I’ve consciously rejected a number of American standards in my personal writing: specifically, date formatting, measurements, punctuation and spellings. This isn’t an attempt to be fancy as much as it is my frustration with this country’s categorical rejection of international standards. Also, I lived in Western Europe for seven years and was influenced by my experiences growing up. At one point, my online social circle was primarily Australians and their tendencies rubbed off on me too.
Of course, I’ll adapt myself for work projects! I haven’t insisted on using British spellings in my work projects because that would look weird. I’ll write in whatever house style I’m using at the time, or something close to it if I’m being edited. I’m pretty good at code-switching between different styles when I need to. But when I write for myself, I avoid these Trumpy standards.
The silliest of all these standards is the date format, especially when it’s written numerically. It simply makes no sense to write the month, then the day, then the year. It makes more sense to sort dates in a logical order like day/month/year or year/month/day. To prevent confusion when I write for multiple English-speaking audiences, I write dates out in words (example: 1 December 2017). Year/month/day is especially good for file names because they sort well naturally when written that way. There’s a reason why most countries don’t use this date format.
The United States is one of the few laggards on this planet when it comes to the adoption of the metric system and related units, like Celsius. Not only are we using the imperial system, we’re not even using the same imperial system that other countries like the UK and Canada use. When I write for wider audiences, I typically give both measurement formats. The sad thing is that the US could have gone metric if it weren’t for the Republican Party in the 1980s. The Carter Administration had started making moves towards metrication in the 70s, but Reagan shut it down.
Honestly, I’m kind of inconsistent with this, but I usually prefer logical punctuation over the kind that North American publishers and newspapers prefer, where dots/periods/full stops and commas have to go inside quotation marks regardless of whether they’re part of the quoted material or not. Sometimes I use internal punctuation, but that’s not often the case.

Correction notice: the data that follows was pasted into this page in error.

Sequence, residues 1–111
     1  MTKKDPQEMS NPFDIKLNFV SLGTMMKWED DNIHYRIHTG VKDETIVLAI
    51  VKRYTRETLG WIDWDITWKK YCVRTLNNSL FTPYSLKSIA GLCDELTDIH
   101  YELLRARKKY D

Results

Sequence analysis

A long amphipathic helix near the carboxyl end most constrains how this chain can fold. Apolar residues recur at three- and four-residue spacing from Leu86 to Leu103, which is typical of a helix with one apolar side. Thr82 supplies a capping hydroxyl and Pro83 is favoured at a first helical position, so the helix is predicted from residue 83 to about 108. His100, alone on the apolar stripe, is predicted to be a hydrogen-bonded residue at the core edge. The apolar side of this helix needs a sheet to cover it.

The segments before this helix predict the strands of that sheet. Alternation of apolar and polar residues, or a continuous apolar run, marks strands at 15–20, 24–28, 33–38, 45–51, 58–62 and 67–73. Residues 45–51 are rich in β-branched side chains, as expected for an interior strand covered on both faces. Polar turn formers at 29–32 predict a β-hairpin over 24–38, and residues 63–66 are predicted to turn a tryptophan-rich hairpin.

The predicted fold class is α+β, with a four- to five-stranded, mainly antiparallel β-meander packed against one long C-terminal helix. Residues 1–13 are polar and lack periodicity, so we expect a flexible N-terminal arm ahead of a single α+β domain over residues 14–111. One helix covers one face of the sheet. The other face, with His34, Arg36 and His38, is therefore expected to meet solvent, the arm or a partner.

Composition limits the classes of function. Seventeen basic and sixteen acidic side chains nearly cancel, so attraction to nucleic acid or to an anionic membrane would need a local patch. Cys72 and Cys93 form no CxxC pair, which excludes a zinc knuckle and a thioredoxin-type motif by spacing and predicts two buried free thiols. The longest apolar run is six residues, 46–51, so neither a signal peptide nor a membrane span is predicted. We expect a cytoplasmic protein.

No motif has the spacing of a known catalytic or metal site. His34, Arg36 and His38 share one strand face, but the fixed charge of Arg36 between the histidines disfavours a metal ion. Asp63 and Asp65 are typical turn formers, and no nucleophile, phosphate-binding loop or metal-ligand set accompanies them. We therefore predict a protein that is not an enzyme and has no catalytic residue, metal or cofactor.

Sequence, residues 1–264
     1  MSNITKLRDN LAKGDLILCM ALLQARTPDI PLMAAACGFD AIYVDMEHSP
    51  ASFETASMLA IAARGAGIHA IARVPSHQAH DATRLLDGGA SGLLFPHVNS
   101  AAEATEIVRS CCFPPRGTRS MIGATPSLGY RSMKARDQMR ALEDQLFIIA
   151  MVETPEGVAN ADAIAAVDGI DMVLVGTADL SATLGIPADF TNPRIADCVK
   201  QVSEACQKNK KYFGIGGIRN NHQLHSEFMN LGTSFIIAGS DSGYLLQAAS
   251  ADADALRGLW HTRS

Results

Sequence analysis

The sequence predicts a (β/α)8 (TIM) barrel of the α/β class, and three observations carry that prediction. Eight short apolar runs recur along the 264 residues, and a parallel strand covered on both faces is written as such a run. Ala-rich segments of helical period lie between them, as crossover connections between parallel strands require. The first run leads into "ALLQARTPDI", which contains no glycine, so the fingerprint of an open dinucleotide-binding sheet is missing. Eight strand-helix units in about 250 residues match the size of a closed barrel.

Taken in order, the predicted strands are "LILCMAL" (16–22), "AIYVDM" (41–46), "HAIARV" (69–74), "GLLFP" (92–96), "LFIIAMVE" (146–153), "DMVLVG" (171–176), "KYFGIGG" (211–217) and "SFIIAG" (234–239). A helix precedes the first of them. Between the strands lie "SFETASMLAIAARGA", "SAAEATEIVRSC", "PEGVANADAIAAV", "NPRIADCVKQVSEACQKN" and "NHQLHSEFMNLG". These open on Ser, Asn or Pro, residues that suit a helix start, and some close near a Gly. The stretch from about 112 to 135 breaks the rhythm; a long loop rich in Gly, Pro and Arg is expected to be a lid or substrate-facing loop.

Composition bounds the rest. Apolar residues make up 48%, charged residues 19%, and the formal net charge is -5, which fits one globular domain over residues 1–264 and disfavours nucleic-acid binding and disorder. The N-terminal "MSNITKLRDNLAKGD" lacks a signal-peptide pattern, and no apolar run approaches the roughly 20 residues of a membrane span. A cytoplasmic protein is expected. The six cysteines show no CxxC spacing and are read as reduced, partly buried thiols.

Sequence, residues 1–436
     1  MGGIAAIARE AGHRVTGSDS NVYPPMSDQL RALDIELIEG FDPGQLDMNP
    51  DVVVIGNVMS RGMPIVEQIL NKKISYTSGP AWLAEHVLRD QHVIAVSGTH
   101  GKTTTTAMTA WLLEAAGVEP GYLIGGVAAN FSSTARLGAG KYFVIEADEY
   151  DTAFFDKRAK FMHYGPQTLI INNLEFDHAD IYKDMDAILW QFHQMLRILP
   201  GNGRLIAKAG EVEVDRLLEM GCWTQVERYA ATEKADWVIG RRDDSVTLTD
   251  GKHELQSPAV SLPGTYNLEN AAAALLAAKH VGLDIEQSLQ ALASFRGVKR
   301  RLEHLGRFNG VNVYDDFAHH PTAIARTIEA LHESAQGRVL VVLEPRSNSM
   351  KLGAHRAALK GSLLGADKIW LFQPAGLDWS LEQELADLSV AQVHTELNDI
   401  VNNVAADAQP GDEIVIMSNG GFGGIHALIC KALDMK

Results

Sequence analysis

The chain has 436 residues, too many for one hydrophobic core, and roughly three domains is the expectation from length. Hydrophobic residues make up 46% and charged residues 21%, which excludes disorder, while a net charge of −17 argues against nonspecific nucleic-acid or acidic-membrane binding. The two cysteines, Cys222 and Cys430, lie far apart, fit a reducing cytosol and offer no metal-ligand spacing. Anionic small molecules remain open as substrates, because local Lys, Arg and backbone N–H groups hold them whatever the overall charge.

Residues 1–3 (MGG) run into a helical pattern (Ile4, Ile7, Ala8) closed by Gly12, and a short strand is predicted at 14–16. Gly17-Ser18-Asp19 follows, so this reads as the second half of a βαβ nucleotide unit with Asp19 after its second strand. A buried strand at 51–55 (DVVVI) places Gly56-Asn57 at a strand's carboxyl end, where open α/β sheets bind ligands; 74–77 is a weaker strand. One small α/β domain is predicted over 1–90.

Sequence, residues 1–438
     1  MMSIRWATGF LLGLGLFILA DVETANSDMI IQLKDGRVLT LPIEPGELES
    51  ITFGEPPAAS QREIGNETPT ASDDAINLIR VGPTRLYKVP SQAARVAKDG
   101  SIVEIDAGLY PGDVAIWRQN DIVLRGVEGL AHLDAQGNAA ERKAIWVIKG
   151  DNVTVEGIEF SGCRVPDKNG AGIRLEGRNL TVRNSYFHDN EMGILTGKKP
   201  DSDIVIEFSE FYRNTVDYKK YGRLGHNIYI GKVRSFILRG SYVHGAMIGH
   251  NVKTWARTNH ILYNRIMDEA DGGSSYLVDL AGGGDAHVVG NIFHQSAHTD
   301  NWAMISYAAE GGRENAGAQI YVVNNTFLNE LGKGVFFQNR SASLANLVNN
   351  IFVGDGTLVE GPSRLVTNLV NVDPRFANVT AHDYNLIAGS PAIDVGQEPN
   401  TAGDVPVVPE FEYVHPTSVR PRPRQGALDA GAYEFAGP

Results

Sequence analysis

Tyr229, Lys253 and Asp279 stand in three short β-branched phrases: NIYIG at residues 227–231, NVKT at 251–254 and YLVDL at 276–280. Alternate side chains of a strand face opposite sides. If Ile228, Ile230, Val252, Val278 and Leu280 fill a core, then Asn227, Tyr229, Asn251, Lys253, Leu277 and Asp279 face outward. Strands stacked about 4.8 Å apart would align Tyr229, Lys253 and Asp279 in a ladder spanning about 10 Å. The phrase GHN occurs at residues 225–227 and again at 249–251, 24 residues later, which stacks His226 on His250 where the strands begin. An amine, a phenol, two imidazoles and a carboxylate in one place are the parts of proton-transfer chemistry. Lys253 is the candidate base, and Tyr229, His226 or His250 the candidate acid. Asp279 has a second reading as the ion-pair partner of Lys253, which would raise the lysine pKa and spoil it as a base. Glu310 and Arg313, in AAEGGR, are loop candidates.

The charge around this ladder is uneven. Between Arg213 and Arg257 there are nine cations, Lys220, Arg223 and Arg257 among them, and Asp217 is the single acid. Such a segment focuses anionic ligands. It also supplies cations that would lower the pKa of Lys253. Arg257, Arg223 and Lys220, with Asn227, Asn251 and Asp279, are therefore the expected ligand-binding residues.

When it comes to spelling, Noah Webster – the man responsible for splitting English spelling standards in the first place – was a ‘pernicious mischief-maker’1, not a hero. Why? Well, Webster wanted to remove French influence from English spellings as a way to get back at Britain after the War for Independence. This is silly for two reasons: first, if it weren’t for France the US wouldn’t have even become an independent country anyway; second, if you really wanted to get back at England, wouldn’t you institute a programme to teach a different language entirely – maybe French? It’s silly to go after France to get back at Britain.
A common defence that I’ve seen people using is ‘wait, all the missing-U spellings are closer to the original Latin word’. Sure, but most other classes of US spellings aren’t closer to their ancestor. And in any case, what’s the matter with French? Not to mention, the etymological argument doesn’t work for multiple classes of words. Centre, licence, aesthetic, artefact, programme and analyse all have spellings that resemble the original root word more than their Americanised equivalents do. The same goes for succour, neighbour and armour2, all of which had ultimate ancestors that used a U for the final vowel. The next time somebody tries to whine about colour being French-derived, remind them about analyze, which has no etymological justification whatsoever.
Another argument I see in favour of adopting American standards is consistency, but again, this claim doesn’t hold up when further examined. Colour may become coloration, but what about four, forty and fourteen? Why does shoulder still have a U, but mould doesn’t when it’s Americanised? Why are only R and E reversed, and not similar letter combinations like L and E? Why aren’t they bubbel and trubbel instead of bubble and trouble? Why don’t Americans spell fence with an S when they spell defence with an S instead of a C? Fence is short for defence. English spelling, regardless of type, is a minefield. Americans need to stop touting their spelling system as being easier when it’s not. All Webster did was introduce confusion. I’ve seen cases of US spellings causing mixups amongst non-American native speakers who ordinarily use the international standards. The fact that the most blatant US spellings were mostly rejected in the other native-English-speaking countries doesn’t help the case for standardising on them and forgetting the existence of other spelling systems. Can we seriously not? If any country needs to change, it’s the United States.
I’m not telling anybody who grew up in the US or was strongly influenced by American standards to stop using them. I just wanted to explain my own reasoning for not using them in my personal work.